Bitcoin and other cryptocurrencies are not legal tender in most countries, which means they cannot be used like cash but may be used for other reasons. Buying, selling, and using them as assets are all lawful. Bitcoin, for example, is legal in the United States and is taxed as property. Even banks are allowed to purchase and trade cryptocurrencies in certain countries, such as Germany. Cryptocurrency is not subject to any VAT or GST in the European Union. Cryptocurrencies are recognized as property in Australia, and profits earned from them may be subject to Capital Gains Tax. It is permissible to trade in cryptocurrencies and to keep them after purchasing them, but it is not lawful to use them as a means of payment. Cryptocurrencies are widely recognised as digital assets and commodities.
China began enacting crypto transaction limitations in 2013, when the People's Bank of China lifted the prohibition on approving and even engaging in Bitcoin transactions. Payment gateways that accept cryptocurrency were outlawed four years later. However, 2022 seems to be the most restrictive year for crypto in China, which prohibited crypto mining in June 2021 and finally put the whole crypto ecosystem to a total ban, prohibiting all activities both inside and beyond Chinese borders. Experts say that since China is a dictatorship, it wants complete control over everything and cannot abide the decentralisation architecture of cryptocurrencies. El Salvador, on the other hand, is the first nation to adopt Bitcoin alongside the US Dollar as legal cash. El Salvador, on the other hand, is the first nation to adopt Bitcoin alongside the US Dollar as legal cash.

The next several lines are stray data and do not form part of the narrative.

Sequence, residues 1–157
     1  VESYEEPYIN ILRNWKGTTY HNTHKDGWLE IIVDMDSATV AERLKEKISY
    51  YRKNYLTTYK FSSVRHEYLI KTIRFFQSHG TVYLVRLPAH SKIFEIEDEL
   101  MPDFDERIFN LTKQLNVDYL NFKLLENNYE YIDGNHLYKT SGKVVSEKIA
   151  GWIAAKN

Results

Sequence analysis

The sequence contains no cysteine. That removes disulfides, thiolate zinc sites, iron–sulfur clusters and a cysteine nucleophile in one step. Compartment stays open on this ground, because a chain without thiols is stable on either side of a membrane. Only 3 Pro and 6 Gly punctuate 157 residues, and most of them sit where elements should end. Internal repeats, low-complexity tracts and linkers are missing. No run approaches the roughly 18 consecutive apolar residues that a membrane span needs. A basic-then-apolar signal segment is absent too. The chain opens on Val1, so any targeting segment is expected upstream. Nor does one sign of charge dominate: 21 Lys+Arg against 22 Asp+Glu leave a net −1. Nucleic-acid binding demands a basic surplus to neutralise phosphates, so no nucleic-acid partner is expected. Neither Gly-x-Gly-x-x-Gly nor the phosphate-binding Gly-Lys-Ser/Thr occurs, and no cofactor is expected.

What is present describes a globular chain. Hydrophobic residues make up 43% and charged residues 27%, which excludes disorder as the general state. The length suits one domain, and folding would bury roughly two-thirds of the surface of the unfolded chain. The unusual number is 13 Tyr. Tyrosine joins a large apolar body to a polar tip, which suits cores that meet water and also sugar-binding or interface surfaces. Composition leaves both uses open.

The RBI originally prohibited cryptocurrencies in April 2018, however the restriction was challenged in court, and the Supreme Court overturned the ban in March 2020 in a historic decision. The court found that the restriction jeopardizes bitcoin exchanges' commercial potential, and that outlawing everything isn't the answer. They acknowledged the drawbacks of cryptocurrencies, stating that they have the potential to be misused, but that this does not necessitate a prohibition and that good rules should be drafted instead.
Following El Salvador would, in my view, be rather extreme since it may result in an unanticipated risk, but the moves made by Europe or the United States are pretty sensible. Furthermore, the disadvantages of cryptocurrencies may be avoided by using procedures such as Know Your Customer. KYC validates an investor's identity and address via the submission of required papers such as picture identification and proof of residence, as well as in-person verification (IPV). The Prevention of Money Laundering Act, 2002, and the Rules enacted thereunder, as well as the SEBI Master Circular on Anti Money Laundering Standards/ Combating the Financing of Terrorism/ Obligation of Securities Market Intermediaries, make KYC compliance required.
Naturally, the potential for crypto innovation will grow in the future, as will the security of digital coin transactions."